Limits...
Role of sphingomyelinase in infectious diseases caused by Bacillus cereus.

Oda M, Hashimoto M, Takahashi M, Ohmae Y, Seike S, Kato R, Fujita A, Tsuge H, Nagahama M, Ochi S, Sasahara T, Hayashi S, Hirai Y, Sakurai J - PLoS ONE (2012)

Bottom Line: Treatment of mouse macrophages with Bc-SMase resulted in a reduction in the generation of H(2)O(2) and phagocytosis of macrophages induced by peptidoglycan (PGN), but no effect on the release of TNF-α and little release of LDH under our experimental conditions.A photobleaching analysis suggested that the cells treated with Bc-SMase exhibited a reduction in membrane fluidity.The results suggest that Bc-SMase is essential for the hydrolysis of SM in membranes, leading to a reduction in phagocytosis.

View Article: PubMed Central - PubMed

Affiliation: Department of Microbiology, Faculty of Pharmaceutical Sciences, Tokushima Bunri University, Yamashiro-cho, Tokushima, Japan.

ABSTRACT
Bacillus cereus (B. cereus) is a pathogen in opportunistic infections. Here we show that Bacillus cereus sphingomyelinase (Bc-SMase) is a virulence factor for septicemia. Clinical isolates produced large amounts of Bc-SMase, grew in vivo, and caused death among mice, but ATCC strains isolated from soil did not. A transformant of the ATCC strain carrying a recombinant plasmid containing the Bc-SMase gene grew in vivo, but that with the gene for E53A, which has little enzymatic activity, did not. Administration of an anti-Bc-SMase antibody and immunization against Bc-SMase prevented death caused by the clinical isolates, showing that Bc-SMase plays an important role in the diseases caused by B. cereus. Treatment of mouse macrophages with Bc-SMase resulted in a reduction in the generation of H(2)O(2) and phagocytosis of macrophages induced by peptidoglycan (PGN), but no effect on the release of TNF-α and little release of LDH under our experimental conditions. Confocal laser microscopy showed that the treatment of mouse macrophages with Bc-SMase resulted in the formation of ceramide-rich domains. A photobleaching analysis suggested that the cells treated with Bc-SMase exhibited a reduction in membrane fluidity. The results suggest that Bc-SMase is essential for the hydrolysis of SM in membranes, leading to a reduction in phagocytosis.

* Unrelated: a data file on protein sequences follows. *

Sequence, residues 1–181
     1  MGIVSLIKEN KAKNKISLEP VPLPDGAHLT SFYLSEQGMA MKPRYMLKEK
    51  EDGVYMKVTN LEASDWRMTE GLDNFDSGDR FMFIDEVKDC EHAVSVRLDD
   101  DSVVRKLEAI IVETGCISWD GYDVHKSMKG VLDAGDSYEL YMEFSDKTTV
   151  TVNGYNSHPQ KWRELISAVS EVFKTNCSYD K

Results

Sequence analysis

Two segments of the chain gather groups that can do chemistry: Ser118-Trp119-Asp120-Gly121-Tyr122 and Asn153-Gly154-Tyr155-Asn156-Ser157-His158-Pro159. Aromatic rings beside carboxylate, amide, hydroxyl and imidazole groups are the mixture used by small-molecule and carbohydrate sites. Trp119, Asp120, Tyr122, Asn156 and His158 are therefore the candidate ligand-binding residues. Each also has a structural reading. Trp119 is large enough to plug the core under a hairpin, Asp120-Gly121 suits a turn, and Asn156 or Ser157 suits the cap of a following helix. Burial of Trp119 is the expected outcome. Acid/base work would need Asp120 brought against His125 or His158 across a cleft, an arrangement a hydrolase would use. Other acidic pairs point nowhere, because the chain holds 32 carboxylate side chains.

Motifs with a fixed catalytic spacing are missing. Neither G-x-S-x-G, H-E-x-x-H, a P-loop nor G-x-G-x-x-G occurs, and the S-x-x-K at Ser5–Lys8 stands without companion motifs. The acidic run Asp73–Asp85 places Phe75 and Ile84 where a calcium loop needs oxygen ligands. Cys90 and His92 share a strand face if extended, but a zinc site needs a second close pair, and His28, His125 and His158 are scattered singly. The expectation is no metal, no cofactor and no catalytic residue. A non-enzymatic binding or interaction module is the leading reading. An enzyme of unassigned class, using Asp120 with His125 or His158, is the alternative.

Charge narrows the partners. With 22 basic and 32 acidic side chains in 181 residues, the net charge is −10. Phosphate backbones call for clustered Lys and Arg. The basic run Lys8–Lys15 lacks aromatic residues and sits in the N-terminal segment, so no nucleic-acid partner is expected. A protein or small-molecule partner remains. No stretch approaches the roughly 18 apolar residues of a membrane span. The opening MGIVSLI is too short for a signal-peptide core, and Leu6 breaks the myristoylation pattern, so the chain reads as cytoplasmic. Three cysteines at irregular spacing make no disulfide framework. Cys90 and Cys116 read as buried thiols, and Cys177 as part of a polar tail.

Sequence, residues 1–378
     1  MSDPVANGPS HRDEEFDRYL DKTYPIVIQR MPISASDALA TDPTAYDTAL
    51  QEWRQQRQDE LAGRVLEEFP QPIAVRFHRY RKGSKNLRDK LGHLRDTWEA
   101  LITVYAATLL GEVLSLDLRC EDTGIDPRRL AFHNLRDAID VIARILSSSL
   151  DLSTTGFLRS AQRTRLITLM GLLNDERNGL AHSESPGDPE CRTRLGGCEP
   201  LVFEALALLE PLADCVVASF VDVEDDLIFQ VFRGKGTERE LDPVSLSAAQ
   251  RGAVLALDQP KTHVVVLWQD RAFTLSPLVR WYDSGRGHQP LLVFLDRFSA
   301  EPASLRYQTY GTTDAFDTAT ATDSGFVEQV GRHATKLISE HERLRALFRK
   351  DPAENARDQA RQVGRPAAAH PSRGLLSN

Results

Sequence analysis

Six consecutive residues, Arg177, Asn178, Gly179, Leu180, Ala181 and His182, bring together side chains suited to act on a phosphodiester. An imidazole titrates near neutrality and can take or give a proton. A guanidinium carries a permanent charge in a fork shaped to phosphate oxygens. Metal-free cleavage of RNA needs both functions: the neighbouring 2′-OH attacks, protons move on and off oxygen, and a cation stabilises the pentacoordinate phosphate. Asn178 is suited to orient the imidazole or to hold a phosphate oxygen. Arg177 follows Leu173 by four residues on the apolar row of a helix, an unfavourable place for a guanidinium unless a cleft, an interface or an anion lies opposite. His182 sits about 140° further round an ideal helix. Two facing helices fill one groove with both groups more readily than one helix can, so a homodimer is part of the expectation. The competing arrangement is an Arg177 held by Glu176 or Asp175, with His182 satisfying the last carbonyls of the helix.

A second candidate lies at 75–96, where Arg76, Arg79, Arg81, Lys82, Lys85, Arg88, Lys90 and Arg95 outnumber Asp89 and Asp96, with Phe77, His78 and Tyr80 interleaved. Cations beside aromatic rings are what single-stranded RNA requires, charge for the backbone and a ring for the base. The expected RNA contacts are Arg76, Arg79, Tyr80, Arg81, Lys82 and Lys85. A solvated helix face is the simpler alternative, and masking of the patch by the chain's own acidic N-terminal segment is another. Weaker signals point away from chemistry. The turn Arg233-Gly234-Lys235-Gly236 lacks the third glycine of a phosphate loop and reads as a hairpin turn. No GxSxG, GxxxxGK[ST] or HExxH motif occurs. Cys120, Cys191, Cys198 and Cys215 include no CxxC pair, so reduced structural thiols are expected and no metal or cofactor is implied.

Show MeSH

Related in: MedlinePlus